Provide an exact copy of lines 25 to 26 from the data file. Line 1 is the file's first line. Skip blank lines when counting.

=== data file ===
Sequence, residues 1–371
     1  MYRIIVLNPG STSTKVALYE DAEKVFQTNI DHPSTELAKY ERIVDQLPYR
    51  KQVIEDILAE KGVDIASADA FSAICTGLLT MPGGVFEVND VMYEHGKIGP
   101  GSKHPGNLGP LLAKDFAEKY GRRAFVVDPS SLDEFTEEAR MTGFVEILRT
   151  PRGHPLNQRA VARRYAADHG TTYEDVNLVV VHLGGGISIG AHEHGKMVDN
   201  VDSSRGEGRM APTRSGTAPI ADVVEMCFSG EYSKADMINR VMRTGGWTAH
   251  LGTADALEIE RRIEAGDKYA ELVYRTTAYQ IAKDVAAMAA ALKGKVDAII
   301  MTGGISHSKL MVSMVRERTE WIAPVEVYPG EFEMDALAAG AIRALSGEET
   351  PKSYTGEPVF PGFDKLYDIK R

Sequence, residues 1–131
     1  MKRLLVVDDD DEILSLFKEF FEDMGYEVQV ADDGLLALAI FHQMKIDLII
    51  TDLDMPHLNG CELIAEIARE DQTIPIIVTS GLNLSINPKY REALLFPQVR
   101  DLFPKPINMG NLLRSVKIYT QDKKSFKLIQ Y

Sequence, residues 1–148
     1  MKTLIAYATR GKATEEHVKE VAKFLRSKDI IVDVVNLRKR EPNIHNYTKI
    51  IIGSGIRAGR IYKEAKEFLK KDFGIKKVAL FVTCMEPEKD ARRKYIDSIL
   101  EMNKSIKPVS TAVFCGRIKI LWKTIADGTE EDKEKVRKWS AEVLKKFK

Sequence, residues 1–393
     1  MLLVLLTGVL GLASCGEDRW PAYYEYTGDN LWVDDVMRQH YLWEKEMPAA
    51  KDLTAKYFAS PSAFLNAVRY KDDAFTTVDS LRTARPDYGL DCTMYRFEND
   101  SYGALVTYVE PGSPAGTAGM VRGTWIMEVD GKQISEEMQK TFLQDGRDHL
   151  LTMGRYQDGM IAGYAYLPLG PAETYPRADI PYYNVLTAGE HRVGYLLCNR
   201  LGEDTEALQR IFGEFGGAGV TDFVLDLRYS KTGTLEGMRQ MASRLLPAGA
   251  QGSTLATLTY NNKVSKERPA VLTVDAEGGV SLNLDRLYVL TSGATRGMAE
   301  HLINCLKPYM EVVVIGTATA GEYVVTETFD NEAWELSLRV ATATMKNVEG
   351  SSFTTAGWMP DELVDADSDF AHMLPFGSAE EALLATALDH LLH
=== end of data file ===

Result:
   301  HLINCLKPYM EVVVIGTATA GEYVVTETFD NEAWELSLRV ATATMKNVEG
   351  SSFTTAGWMP DELVDADSDF AHMLPFGSAE EALLATALDH LLH